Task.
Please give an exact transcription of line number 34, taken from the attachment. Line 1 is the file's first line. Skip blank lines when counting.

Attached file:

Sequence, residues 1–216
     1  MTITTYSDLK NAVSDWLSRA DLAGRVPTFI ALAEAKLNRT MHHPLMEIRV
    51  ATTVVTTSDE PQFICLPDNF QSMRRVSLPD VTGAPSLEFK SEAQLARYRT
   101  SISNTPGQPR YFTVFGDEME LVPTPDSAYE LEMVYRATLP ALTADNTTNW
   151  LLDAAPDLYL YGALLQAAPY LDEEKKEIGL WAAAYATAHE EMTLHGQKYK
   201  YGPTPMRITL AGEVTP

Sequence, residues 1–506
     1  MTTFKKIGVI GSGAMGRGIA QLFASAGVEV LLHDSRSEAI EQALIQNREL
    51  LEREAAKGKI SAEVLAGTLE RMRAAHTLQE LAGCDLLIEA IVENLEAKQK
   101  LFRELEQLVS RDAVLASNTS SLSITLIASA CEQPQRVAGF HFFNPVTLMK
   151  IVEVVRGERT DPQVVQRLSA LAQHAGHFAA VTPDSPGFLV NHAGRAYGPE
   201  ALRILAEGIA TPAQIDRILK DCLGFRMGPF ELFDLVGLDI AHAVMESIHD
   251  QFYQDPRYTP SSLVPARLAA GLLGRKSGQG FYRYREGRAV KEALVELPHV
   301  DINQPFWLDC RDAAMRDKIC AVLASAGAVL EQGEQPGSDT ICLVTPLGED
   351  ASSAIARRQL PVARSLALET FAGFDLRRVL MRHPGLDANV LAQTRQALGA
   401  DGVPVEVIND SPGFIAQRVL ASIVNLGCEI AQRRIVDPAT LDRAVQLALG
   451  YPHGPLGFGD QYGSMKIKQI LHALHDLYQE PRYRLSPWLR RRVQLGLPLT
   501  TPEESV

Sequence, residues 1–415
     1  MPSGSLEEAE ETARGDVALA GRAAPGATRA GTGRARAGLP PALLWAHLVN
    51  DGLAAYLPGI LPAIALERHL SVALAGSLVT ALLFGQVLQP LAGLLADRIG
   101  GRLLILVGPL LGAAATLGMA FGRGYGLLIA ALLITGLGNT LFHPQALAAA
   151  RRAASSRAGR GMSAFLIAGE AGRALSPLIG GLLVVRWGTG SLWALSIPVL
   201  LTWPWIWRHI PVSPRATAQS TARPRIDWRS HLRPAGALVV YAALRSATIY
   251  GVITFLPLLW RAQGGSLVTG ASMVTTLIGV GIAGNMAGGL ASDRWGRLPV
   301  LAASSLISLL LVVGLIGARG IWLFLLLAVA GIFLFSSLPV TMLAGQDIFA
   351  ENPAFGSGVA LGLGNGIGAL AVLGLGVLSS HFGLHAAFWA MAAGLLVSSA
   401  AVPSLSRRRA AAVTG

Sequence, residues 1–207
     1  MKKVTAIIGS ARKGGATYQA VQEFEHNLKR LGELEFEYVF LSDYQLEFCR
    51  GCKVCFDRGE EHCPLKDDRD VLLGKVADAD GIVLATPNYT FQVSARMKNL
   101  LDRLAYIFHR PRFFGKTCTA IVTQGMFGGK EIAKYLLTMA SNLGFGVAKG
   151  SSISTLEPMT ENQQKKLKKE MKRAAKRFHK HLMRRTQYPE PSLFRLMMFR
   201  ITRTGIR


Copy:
   201  ITRTGIR